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The Trip

September 1, 2015

TTWhen 19-year-old gay-rights activist Tommy and 24-year-old Alan first meet in 1973, they find themselves on the opposite sides of the political coin. Despite their many differences, they form a loving long-term relationship. In 1977, during Anita Bryant’s crusade, an anti-gay book Alan wrote years before gets published without his consent. The book destroys Tommy’s credibility as a well-known activist, resulting in Tommy and Alan’s break-up. Seven years later, Alan is given a second chance, a reunion with Tommy and the opportunity to set things right

Gives an opportunity for many political and social commentaries having to do with the times, including Anita Bryant and Ronald Reagan, and gay rights.

The bookstore in the very last scene where Alan is signing his book for people is a real life Christian bookstore.

TT2Beverly: So, Alan tells me you’re a homosexual.
Tommy Ballenger: Only because there was nothing good on television.
Beverly: Well, I just find it so intriguing.
Tommy Ballenger: Not always, Liberace for example.
Beverly: Liberace is a homosexual?
Tommy Ballenger: Sadly, yes.

Peter Baxter: I respect all of Alan’s interests, I just don’t like having them shoved down my throat.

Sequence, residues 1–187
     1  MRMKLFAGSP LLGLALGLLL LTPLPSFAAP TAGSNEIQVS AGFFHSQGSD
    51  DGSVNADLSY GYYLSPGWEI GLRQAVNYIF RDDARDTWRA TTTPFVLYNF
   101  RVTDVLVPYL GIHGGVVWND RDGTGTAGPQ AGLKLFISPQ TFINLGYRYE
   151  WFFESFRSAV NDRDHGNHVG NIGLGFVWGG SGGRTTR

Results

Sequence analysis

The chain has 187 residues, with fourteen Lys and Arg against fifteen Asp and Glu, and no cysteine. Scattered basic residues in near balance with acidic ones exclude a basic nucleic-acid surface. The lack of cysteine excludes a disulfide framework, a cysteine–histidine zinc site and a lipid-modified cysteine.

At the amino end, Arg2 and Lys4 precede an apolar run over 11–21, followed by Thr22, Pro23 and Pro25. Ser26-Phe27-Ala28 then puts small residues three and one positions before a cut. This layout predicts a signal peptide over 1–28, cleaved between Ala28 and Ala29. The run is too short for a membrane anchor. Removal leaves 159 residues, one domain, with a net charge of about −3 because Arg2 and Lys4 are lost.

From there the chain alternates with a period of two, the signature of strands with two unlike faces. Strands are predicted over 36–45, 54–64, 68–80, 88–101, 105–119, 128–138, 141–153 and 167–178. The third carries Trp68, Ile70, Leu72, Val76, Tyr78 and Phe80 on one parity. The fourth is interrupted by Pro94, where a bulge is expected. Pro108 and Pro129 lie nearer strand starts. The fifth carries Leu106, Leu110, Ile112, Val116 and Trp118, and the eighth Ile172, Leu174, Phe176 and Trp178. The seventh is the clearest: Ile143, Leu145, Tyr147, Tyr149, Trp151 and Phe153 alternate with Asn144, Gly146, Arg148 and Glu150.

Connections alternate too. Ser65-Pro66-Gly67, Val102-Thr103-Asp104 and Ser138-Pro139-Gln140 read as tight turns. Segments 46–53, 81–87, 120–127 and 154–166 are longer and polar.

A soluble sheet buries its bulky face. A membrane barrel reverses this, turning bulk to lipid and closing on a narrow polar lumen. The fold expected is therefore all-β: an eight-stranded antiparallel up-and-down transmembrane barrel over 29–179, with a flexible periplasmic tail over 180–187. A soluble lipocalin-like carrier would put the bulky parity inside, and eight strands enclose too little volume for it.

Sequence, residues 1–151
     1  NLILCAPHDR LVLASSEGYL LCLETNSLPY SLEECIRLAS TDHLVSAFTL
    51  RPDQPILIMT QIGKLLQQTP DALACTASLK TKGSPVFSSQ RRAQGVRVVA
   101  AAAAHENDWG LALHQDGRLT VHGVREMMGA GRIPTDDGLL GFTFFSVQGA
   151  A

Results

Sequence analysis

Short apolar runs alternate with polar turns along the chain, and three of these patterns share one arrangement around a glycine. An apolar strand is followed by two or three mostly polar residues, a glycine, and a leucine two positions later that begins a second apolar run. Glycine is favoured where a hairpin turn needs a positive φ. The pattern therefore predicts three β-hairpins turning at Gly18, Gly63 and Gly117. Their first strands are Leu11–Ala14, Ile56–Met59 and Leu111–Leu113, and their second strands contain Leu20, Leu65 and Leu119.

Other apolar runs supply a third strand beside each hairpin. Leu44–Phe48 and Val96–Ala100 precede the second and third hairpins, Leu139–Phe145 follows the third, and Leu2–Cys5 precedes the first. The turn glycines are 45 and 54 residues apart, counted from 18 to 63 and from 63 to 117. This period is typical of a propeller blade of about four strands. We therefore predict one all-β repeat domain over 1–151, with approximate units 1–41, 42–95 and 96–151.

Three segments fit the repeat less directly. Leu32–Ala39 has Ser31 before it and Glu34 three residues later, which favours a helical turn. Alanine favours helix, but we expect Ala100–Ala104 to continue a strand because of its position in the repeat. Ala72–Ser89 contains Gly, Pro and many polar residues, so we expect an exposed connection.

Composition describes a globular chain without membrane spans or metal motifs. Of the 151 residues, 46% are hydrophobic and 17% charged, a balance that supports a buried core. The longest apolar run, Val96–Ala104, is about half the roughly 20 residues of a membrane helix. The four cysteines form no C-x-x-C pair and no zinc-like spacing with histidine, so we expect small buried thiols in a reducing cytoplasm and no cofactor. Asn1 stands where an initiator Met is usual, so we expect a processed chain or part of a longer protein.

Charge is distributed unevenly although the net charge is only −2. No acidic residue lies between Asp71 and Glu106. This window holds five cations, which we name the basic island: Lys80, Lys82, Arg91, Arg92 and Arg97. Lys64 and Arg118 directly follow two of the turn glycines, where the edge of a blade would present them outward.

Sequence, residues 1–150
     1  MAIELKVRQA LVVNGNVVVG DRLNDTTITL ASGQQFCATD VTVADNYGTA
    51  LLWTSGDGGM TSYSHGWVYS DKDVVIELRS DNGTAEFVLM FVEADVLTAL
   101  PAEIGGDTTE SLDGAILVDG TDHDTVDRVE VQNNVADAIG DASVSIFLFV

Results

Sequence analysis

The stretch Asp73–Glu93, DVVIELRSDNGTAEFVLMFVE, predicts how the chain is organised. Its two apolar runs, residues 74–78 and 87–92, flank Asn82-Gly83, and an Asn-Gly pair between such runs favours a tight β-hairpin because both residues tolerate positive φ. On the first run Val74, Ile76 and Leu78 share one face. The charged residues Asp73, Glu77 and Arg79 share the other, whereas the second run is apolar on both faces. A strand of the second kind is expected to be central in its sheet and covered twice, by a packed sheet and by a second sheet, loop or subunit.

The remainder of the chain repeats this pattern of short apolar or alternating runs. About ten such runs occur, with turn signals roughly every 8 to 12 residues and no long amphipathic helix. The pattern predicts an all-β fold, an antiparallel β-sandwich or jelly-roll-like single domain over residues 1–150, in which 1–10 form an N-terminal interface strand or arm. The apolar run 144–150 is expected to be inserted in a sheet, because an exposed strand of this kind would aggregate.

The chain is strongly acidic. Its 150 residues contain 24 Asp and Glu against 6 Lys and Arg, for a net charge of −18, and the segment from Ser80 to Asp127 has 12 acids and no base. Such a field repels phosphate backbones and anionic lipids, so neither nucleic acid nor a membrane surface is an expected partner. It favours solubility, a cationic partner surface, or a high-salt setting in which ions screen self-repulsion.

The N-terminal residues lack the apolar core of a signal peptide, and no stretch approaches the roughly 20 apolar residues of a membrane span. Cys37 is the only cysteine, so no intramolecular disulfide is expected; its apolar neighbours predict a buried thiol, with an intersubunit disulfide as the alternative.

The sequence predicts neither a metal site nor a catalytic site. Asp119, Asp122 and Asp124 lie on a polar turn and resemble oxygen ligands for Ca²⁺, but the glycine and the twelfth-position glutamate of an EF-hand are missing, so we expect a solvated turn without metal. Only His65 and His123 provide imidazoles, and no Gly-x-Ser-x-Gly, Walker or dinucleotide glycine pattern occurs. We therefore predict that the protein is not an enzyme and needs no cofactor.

Tommy Ballenger: So what made you want to become a writer?
Alan Oakley: It’s always been my dream since a child. When did you first realize you were gay?
Tommy Ballenger: It’s always been my dream since a child.

Mary Oakley: That’s the first time I’ve heard you complain about my son shoving anything down your throat.
Peter Baxter: I’m not quite sure how to take that.
Mary Oakley: Said the altar boy to the bishop.

Tommy Ballenger: [to a reporter] I’d like to make a deal with the Anita Bryant people. You stop telling lies about us and we’ll stop telling the truth about you.

Tommy Ballenger: What do you want?
Alan Oakley: I want to say I’m sorry.
Tommy Ballenger: Absolution granted, go with God. We’re done.

“It’s my parents! Quick hide in the closet!”

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From → Film, Sexuality

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